Dental Care Doesn’t End in February!
This year’s February Pet Dental Health month was filled with great patients and enhanced by our new digital dental equipment. Above is a close-up of the great images generated by our new digital dental system. Below is a picture of Lorenzo, CVT performing a dental cleaning while Dr. Smith reviews the patient’s dental radiographs (x-rays).
The absolute BEST you can do for your pet’s teeth is daily tooth brushing. This may sound difficult, but many pets tolerate this very well! You do need a few supplies….. First an “animal friendly” toothpaste. Regular human toothpaste has fluoride which can make your pet sick. We recommend and carry enzymatic toothpaste – from firsthand experience, many dogs love this! Second, you need a soft toothbrush – children’s soft toothbrushes work well and there are a variety of commercial types available – even finger brushes. Choose whatever is easiest for you and your pet. Tooth brushing should be done once daily and should be started gradually.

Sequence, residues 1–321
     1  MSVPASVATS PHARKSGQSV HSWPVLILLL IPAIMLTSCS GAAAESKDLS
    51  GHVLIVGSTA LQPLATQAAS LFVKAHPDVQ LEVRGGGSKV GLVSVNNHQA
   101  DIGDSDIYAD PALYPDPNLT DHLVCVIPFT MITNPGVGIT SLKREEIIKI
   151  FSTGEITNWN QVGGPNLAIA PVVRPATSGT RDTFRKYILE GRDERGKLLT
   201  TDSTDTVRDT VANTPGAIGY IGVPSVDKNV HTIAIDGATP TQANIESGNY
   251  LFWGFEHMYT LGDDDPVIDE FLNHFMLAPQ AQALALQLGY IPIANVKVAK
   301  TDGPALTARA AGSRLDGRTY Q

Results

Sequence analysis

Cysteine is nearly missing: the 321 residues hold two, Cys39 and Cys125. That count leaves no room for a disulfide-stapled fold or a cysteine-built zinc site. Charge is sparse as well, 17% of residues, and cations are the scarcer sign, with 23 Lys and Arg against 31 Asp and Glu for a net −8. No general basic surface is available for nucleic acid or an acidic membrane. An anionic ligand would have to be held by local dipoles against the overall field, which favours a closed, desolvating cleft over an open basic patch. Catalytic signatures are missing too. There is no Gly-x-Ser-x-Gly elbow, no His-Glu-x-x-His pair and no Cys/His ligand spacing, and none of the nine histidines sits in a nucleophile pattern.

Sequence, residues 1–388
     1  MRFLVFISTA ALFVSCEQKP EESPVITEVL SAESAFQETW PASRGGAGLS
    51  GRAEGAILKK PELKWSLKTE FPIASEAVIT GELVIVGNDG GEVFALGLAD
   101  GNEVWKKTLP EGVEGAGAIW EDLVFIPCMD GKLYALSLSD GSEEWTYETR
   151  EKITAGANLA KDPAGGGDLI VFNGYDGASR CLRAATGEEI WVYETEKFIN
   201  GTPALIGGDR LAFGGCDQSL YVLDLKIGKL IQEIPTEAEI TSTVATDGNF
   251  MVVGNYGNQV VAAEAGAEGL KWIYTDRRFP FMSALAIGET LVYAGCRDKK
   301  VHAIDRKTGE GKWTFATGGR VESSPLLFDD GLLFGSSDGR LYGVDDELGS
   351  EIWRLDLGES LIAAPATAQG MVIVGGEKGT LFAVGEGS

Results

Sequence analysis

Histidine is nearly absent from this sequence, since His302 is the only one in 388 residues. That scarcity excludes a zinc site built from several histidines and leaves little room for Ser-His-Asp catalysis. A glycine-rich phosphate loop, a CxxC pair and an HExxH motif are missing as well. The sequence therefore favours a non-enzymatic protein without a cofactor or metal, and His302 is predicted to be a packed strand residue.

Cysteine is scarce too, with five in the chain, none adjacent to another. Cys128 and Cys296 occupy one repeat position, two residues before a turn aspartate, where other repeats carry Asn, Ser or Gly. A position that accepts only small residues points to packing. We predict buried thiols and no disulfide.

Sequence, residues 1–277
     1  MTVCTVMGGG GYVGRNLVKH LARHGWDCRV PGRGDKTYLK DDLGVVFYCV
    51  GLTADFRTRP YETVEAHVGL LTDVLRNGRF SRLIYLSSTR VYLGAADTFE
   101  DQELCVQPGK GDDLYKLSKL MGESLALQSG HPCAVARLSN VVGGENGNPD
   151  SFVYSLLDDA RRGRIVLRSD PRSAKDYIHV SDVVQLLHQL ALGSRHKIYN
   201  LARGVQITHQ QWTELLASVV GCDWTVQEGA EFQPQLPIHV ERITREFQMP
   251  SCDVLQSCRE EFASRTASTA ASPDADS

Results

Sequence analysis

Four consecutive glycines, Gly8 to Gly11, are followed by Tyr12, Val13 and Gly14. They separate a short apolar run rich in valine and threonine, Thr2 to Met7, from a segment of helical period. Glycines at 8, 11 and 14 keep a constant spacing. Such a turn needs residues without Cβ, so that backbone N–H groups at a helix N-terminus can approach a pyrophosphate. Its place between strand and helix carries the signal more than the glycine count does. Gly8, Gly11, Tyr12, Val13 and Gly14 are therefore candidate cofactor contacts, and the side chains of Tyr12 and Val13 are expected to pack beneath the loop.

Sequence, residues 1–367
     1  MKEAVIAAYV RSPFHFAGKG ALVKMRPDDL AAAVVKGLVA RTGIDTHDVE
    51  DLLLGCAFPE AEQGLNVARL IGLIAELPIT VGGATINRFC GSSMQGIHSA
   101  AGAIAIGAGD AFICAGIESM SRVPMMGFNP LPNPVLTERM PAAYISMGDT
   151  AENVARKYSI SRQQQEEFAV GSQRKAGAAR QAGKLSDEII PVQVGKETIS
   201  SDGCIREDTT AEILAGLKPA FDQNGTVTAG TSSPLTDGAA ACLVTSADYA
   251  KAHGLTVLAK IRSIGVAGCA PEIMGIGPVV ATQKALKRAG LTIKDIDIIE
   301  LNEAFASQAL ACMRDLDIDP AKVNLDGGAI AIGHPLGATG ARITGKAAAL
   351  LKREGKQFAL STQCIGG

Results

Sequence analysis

There are several prescription diets available that are clinically proven to reduce the accumulation of plaque, tartar, and gingivitis. These can be used in all healthy pets and can also be used in conjunction with tooth brushing (above). We recommend and carry Royal Canin’s DD diet and Hill’s T/D diet, both available for cats and dogs.
Available only through veterinarians, OraVet is a waxy gel that binds electrostatically to the tooth surface, which forms a barrier to bacterial attachment. We recommend a coat of the OraVet Barrier Sealant after every dental cleaning/polishing. Also available is OraVet Plaque Prevention Gel – which is applied at home on a weekly schedule. When used appropriately, this can be an effective way of preventing calculus build-up.
RINSES AND CHEWS
There are several oral “rinses” and “chews” that can help reduce the calculus build-up on the teeth. Look for the VOHC (Veterinary Oral Health Council) seal on products! We feel that “Greenies” are great options!
Despite your best efforts, sometimes professional a dental cleaning/polishing is inevitable. A thorough dental cleaning/polishing requires general anesthesia, but is the only way to remove permanent calculus and to evaluate the tooth root structure. Home dental care is not a substitute for professional dental care – but can greatly reduce the severity and frequency of professional dental services your pet needs! Below are pictures that demonstrate a “before” and “after” of one of our patients during Dental Health Month.